HR Regulations and Fear of Lawsuits Keep Managers from Firing Workers Who Do Not Work
(p. 1B) The biggest problem in your workplace has a name. His name is Jeff. . . .
Jeff sits two cubicles down from us, or three, or four. His real name may be John, Juan or Joan. He gets to the widget factory late, he leaves early and always mucks up his part of any group project. He complains, loudly, about the smallest things, and when you bring doughnuts for your birthday he probably takes three and then talks with his mouth full, too.
. . .
(p. 2B) . . . , morale suffers greatly when most of a company's employees perceive that their supervisor is failing to deal with their low-performing co-worker, month after month, year after year.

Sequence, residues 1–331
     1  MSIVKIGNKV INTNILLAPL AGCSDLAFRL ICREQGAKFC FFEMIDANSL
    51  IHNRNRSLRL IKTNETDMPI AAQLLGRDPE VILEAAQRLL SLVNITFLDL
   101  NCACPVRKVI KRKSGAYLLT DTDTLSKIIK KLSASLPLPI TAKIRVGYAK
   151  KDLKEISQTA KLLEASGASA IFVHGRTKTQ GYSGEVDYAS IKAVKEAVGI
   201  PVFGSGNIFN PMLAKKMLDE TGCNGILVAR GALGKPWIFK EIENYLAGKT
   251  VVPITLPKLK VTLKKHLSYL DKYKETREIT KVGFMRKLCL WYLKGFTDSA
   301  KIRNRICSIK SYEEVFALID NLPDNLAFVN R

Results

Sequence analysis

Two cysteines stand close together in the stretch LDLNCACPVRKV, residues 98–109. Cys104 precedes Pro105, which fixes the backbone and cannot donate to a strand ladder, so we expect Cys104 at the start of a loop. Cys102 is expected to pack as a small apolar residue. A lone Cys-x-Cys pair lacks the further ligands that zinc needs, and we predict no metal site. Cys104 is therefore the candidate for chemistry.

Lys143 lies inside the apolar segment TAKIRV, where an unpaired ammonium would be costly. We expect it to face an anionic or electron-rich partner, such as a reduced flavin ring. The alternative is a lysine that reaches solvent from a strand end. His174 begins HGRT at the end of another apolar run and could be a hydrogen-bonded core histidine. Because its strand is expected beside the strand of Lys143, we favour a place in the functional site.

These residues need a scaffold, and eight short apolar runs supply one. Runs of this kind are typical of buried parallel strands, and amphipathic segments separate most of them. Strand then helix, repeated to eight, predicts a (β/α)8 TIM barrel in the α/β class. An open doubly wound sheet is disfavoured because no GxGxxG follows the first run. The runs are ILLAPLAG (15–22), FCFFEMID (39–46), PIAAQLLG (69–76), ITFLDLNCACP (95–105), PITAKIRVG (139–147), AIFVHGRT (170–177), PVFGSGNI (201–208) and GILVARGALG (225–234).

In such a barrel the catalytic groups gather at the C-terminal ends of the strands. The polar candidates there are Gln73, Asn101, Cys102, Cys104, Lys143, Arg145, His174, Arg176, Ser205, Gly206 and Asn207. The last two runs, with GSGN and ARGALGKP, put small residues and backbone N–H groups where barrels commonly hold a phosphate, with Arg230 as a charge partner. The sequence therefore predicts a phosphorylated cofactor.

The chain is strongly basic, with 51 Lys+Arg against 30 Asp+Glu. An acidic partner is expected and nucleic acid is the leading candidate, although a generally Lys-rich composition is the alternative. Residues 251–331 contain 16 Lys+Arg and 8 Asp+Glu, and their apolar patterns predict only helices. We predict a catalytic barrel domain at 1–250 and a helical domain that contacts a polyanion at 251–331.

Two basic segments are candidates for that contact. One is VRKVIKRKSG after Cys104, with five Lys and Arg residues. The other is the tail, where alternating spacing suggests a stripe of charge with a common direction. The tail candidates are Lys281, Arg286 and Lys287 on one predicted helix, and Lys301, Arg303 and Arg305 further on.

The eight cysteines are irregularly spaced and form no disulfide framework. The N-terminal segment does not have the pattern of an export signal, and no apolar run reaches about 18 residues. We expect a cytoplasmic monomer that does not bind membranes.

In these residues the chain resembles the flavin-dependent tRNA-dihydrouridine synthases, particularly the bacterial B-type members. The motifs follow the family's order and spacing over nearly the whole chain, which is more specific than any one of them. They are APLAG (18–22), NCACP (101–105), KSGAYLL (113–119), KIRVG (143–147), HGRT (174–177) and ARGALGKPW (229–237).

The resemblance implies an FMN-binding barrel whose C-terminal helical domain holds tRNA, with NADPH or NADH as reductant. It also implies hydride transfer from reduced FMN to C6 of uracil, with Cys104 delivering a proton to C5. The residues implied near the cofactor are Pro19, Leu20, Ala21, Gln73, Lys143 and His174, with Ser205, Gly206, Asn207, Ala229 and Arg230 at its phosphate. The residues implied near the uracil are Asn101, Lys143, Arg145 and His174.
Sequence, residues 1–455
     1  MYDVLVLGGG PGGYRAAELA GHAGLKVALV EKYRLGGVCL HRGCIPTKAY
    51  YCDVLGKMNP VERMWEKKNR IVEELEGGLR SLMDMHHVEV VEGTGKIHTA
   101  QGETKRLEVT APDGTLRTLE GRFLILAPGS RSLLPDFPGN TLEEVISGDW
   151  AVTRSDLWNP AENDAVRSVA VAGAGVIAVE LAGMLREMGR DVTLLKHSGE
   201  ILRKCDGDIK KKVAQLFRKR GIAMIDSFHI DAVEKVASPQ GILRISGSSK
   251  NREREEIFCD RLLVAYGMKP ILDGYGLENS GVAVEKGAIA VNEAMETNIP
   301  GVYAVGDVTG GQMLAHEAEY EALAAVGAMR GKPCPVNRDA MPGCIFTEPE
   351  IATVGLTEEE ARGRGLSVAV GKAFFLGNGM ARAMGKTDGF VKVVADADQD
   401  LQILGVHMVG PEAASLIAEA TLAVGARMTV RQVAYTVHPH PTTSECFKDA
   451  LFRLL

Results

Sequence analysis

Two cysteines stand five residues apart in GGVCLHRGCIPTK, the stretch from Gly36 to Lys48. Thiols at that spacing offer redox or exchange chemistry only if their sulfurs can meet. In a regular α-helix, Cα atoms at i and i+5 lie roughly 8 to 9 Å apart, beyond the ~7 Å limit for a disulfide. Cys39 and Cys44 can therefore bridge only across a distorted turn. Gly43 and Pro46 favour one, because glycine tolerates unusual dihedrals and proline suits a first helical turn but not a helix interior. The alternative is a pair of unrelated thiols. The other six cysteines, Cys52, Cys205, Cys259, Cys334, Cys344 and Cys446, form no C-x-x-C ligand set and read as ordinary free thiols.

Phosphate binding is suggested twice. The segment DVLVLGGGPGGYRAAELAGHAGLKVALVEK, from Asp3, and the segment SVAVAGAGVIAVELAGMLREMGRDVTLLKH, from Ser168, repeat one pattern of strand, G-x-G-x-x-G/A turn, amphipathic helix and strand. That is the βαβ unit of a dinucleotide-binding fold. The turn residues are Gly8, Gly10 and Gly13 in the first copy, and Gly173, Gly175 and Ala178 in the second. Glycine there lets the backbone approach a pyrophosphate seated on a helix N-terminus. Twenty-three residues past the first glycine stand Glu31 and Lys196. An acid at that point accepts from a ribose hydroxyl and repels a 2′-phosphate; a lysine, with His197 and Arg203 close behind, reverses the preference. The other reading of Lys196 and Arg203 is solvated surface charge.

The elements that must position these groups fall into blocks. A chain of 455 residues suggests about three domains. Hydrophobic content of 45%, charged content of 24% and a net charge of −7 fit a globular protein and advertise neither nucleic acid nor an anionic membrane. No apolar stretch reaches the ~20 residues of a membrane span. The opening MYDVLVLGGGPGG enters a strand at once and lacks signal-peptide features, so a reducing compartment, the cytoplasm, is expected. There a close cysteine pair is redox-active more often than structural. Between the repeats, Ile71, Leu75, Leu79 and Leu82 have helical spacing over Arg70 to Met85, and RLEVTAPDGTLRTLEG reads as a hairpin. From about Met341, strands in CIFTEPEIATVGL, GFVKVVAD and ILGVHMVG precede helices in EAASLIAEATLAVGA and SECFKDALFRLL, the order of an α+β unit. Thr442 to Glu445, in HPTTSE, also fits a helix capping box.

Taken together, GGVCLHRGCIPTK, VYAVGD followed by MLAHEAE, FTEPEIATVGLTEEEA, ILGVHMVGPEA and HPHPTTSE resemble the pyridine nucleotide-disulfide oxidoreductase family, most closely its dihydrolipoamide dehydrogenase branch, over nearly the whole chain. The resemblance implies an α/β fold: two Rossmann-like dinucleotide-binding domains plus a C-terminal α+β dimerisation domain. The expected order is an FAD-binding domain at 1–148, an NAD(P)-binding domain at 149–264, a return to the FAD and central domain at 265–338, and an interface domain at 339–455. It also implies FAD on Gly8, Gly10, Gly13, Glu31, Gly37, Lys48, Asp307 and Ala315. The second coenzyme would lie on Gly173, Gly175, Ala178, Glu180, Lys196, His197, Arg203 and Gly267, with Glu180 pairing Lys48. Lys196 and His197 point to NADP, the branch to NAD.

For this, Hoogeveen blames a corporate culture that is so concerned about HR regulations, and the often-imagined threat of litigation, that bosses often fail to take into account how the trouble employee affects the larger climate.
. . .
. . . if Jeff doesn't improve, he needs to be fired. This is perhaps the worst part of a boss's job, Hoogeveen thinks. His eyes mist as he recalls firing an employee whom he liked, but who was simply a bad fit at QLI.
It's human nature to avoid this conflict, to maintain the status quo and let Jeff be, he says. That's what can and does happen at most Omaha companies.
But it's bad for the employees, and it's bad for business.
"A lot of this stuff is incredibly easy to understand," says Omaha's workplace mechanic [Kim Hoogeveen]. "It's incredibly difficult to live."
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(Note: ellipses, and bracketed name, added.)
(Note: the online version of the article had the title "Hansen: Don't let Jeff -- the problem worker -- slide, workplace guru says.")